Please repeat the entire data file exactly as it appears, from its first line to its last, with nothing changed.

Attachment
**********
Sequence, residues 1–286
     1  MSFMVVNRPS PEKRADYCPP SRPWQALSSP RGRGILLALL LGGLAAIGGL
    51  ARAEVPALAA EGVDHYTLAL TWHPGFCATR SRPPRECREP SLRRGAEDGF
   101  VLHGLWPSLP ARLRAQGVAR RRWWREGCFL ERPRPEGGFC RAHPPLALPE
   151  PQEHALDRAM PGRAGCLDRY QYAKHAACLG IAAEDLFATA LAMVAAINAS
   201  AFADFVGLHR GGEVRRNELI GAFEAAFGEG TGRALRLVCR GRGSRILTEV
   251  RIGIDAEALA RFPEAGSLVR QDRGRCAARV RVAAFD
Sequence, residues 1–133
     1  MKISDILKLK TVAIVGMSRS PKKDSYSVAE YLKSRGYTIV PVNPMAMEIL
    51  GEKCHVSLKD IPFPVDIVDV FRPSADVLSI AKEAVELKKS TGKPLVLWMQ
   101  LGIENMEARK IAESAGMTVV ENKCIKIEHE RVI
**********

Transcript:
Sequence, residues 1–286
     1  MSFMVVNRPS PEKRADYCPP SRPWQALSSP RGRGILLALL LGGLAAIGGL
    51  ARAEVPALAA EGVDHYTLAL TWHPGFCATR SRPPRECREP SLRRGAEDGF
   101  VLHGLWPSLP ARLRAQGVAR RRWWREGCFL ERPRPEGGFC RAHPPLALPE
   151  PQEHALDRAM PGRAGCLDRY QYAKHAACLG IAAEDLFATA LAMVAAINAS
   201  AFADFVGLHR GGEVRRNELI GAFEAAFGEG TGRALRLVCR GRGSRILTEV
   251  RIGIDAEALA RFPEAGSLVR QDRGRCAARV RVAAFD
Sequence, residues 1–133
     1  MKISDILKLK TVAIVGMSRS PKKDSYSVAE YLKSRGYTIV PVNPMAMEIL
    51  GEKCHVSLKD IPFPVDIVDV FRPSADVLSI AKEAVELKKS TGKPLVLWMQ
   101  LGIENMEARK IAESAGMTVV ENKCIKIEHE RVI